Mountain states slower to snap back in this recession, report finds |

Mountain states slower to snap back in this recession, report finds

Aldo Svaldi
The Denver Post
JJ Hendricks owner of, a small shop that sells used and vintage video games. His business is way up because of the economy. Joe Amon, The Denver Post

The current recovery is challenging the Mountain West’s reputation for accelerating out of recessions faster than the rest of the country, according to the most recent “Mountain Monitor” from the Brookings Institute.

Employment counts in the largest metro areas in Colorado, New Mexico, Arizona, Nevada, Utah and Idaho are down 7.4 percent from their peak before the recession through the fourth quarter, according to the report.

That contrasts with a 4.6 percent decline among the 100 largest metro areas. During the previous three recessions, the region as a whole managed to recover faster than the rest of the country.

“Something is functioning differently this time. The region is not delivering on the promise of a quicker, faster snapback,” said Mark Muro, a policy director at the Brookings Metropolitan Policy Program.

Muro said the areas that have fared better in this recovery rely more heavily on exports, which aren’t as big a part of the regional economy.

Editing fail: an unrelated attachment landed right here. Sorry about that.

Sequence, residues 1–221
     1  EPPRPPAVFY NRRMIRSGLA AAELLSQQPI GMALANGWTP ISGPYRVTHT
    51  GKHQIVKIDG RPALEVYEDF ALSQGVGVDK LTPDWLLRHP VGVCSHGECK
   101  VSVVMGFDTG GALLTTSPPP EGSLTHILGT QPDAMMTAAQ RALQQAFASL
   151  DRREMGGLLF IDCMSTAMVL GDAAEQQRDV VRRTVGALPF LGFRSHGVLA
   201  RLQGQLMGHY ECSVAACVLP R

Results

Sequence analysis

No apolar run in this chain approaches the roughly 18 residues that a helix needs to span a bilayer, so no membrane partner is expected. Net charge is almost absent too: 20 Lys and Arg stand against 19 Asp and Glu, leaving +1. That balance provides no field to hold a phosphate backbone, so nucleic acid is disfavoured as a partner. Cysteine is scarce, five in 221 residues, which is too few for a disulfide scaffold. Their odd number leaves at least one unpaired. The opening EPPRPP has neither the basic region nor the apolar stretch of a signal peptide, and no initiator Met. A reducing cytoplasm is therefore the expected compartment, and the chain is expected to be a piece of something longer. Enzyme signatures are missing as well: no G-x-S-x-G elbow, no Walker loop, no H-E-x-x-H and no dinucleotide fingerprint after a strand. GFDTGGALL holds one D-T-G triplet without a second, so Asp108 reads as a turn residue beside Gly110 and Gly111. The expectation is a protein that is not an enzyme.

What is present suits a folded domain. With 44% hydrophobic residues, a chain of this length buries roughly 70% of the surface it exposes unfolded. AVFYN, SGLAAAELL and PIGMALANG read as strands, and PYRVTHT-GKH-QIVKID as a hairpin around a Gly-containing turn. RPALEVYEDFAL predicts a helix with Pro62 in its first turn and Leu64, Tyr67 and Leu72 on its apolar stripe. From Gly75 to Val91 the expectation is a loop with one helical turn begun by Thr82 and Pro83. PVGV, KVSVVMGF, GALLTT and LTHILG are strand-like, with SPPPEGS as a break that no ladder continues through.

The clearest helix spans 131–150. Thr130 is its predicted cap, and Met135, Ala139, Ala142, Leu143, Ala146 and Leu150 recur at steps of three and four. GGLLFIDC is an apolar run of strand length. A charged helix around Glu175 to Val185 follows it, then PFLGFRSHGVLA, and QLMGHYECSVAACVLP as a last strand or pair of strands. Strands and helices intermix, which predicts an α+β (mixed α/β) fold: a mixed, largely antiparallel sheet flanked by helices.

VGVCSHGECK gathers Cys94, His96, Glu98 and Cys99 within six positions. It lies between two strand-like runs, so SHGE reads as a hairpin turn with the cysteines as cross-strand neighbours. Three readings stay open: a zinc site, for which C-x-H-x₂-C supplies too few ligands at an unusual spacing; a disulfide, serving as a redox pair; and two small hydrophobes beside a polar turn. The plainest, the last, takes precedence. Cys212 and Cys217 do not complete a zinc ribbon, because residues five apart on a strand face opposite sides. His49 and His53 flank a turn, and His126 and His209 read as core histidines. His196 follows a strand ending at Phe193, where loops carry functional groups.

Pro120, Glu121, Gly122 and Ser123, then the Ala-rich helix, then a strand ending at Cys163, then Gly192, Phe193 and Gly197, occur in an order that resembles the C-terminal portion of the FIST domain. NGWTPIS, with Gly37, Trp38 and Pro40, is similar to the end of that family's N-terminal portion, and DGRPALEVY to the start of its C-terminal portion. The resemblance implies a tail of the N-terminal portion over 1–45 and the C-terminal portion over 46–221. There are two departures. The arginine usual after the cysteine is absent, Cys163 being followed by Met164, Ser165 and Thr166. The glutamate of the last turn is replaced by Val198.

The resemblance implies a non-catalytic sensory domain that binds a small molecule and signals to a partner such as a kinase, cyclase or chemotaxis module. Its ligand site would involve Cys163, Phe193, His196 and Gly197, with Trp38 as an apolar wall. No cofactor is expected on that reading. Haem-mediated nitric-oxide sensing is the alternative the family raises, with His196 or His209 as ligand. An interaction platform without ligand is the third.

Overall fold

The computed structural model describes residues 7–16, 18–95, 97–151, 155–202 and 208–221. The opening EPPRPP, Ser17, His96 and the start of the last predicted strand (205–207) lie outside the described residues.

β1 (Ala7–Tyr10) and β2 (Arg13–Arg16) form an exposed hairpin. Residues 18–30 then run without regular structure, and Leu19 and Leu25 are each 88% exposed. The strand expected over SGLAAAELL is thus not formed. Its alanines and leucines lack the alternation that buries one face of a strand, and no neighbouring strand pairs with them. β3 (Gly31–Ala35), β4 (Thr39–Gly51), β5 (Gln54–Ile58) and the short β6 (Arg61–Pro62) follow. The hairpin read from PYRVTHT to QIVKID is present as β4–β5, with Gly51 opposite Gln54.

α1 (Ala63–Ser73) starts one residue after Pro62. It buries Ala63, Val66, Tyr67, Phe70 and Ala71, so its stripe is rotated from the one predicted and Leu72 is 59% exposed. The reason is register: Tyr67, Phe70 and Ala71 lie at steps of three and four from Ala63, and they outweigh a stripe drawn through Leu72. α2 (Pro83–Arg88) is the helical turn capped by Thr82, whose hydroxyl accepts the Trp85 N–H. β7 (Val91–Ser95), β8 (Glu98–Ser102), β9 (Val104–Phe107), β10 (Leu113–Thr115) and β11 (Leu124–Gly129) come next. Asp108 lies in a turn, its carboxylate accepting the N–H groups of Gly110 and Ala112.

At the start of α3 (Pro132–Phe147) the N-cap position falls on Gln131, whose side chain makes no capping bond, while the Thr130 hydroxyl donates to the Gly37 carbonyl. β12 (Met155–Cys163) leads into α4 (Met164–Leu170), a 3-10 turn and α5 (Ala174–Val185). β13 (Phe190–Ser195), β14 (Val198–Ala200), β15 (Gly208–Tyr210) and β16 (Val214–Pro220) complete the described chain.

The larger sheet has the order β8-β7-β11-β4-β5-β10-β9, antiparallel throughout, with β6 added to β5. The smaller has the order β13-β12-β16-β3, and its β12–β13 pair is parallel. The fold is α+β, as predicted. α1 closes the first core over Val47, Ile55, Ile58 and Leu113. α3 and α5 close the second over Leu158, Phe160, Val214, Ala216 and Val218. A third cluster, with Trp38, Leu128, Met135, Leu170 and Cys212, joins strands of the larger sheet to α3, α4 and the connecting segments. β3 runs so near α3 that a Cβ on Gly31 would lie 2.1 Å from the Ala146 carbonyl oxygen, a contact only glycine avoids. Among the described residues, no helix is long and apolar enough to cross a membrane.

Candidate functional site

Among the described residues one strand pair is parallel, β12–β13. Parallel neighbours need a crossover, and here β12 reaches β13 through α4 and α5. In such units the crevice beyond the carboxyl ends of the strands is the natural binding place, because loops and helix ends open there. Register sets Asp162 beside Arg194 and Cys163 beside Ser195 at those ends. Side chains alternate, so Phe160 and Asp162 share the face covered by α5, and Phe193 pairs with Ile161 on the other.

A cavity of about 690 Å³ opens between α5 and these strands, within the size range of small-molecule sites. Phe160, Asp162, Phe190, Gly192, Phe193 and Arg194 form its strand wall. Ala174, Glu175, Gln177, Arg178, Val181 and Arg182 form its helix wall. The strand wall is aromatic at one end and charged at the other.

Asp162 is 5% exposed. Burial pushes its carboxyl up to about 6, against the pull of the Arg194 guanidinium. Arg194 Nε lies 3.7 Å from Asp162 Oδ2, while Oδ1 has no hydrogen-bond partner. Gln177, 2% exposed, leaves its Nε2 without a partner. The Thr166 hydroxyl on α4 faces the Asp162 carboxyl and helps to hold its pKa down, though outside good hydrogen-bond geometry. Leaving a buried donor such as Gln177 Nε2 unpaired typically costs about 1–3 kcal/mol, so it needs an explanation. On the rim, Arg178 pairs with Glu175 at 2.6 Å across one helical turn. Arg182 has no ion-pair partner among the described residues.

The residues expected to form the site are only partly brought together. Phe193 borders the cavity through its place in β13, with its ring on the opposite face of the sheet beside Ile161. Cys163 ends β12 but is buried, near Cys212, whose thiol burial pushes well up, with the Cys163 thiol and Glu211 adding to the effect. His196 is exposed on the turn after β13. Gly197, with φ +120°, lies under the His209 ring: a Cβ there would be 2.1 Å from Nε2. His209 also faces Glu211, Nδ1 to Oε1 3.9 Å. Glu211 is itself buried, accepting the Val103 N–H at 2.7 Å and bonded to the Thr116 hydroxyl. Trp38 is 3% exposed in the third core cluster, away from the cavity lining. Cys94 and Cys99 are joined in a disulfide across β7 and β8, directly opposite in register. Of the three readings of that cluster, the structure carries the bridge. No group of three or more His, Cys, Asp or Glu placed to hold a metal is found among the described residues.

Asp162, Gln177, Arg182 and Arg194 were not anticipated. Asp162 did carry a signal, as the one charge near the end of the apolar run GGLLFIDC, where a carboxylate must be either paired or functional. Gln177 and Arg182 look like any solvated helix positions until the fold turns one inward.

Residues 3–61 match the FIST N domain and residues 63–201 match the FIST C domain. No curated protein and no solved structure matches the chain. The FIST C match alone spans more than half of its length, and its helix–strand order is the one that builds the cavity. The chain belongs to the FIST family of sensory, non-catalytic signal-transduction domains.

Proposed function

Also, small businesses, an important source of jobs in the region, have had a harder time obtaining capital.

Another explanation could simply be timing. The recession hit the region later, and more time might be needed for a recovery to gain momentum.

J.J. Hendricks, owner of in Denver, witnessed the desperation for employment opportunities when he posted an online job ad Monday morning.

By the following morning, more than 200 applications had flooded in for a part-time position paying $10 an hour at his business, which sells used and vintage video games and consoles.

“I was figuring maybe 50 or 60 people would respond so it wouldn’t take too much time,” he said. “Now I have to go through 200 resumes.”

Each quarter, the Brookings report looks at employment, unemployment, metro gross domestic product and home price changes in the 100 largest metro areas. The 10 largest mountain-region metro areas are included.

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